JRegistry class is actually quiet important, although most users will never have to deal with it.
The most common reason that anyone would have to use
JRegistry is to change a protocol to protocol binding or adding a new user defined protocol.
To change a protocol binding, you would create a new instance of java interface
JBinding and register it with
JRegistry telling it which protocol is binding to which protocol. Then the scanner will know when to use your binding.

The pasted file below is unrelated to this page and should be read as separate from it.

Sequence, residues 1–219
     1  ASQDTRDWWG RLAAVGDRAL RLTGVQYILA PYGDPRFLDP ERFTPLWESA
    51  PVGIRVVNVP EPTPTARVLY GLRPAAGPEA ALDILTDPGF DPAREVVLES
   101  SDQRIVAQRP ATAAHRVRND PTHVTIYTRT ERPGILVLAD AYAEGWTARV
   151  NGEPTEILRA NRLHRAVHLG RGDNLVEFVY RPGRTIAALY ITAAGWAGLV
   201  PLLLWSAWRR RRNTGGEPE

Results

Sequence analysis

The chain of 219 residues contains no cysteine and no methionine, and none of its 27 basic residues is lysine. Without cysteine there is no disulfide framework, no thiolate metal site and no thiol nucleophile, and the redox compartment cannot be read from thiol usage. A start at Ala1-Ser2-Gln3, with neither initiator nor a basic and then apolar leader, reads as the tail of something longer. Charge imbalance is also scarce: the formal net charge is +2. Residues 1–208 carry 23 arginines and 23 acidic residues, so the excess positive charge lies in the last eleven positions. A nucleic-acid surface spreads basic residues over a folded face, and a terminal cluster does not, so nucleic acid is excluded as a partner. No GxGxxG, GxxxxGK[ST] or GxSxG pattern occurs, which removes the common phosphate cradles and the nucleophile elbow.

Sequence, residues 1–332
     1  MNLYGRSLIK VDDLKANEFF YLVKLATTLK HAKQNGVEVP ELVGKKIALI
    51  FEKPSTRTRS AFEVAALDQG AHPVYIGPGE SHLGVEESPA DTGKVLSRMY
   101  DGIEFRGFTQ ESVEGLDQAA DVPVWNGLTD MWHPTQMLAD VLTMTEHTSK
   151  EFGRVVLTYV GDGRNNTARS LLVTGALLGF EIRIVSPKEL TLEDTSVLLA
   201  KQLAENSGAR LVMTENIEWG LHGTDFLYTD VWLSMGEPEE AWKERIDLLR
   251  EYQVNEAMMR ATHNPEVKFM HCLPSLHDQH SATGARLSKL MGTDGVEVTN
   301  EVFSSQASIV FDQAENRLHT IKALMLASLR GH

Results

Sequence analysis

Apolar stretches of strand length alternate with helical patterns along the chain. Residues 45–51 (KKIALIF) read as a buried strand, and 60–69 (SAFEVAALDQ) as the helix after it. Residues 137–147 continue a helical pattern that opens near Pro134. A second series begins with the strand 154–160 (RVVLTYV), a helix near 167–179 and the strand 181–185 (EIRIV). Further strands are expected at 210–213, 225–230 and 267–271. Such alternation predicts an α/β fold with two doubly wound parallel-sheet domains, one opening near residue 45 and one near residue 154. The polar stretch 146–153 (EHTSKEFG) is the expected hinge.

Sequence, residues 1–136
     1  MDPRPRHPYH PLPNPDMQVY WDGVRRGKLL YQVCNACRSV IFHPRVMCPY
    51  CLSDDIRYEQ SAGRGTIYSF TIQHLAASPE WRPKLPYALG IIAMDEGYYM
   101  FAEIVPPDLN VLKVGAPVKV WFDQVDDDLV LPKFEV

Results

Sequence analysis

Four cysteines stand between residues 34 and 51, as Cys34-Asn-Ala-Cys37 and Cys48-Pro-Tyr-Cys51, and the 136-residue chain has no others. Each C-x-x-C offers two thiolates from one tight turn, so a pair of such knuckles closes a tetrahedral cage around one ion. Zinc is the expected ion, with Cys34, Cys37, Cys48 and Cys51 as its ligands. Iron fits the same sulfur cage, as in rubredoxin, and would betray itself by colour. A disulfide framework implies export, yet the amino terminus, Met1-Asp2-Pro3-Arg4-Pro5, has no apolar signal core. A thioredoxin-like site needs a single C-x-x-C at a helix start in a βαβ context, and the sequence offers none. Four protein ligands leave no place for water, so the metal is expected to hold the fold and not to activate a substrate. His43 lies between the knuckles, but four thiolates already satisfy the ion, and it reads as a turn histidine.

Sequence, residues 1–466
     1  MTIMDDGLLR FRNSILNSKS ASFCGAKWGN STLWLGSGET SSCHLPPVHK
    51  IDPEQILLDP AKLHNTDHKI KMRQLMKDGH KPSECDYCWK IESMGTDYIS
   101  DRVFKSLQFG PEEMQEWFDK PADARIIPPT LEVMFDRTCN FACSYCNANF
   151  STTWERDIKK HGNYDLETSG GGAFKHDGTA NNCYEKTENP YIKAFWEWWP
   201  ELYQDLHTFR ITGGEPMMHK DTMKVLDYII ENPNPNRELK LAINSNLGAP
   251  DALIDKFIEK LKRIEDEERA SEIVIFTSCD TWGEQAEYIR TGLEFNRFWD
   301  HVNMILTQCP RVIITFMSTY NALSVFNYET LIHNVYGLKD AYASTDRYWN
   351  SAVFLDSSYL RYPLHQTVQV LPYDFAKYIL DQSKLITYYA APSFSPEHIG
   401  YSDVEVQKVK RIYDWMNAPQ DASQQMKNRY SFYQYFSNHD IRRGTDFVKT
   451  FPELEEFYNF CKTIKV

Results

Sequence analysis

You can also register a completely new protocol. If have written a custom header definition, you can register that header with
JRegistry which will remember it and assign it a unique numerical ID. The scanner only works with these numerical ids, indexing and setting up lookup tables etc, all based on the protocol id. New custom protocols need to be registered every time the application starts. These setting are not persistent. You may get a different numerical ID for your protocol.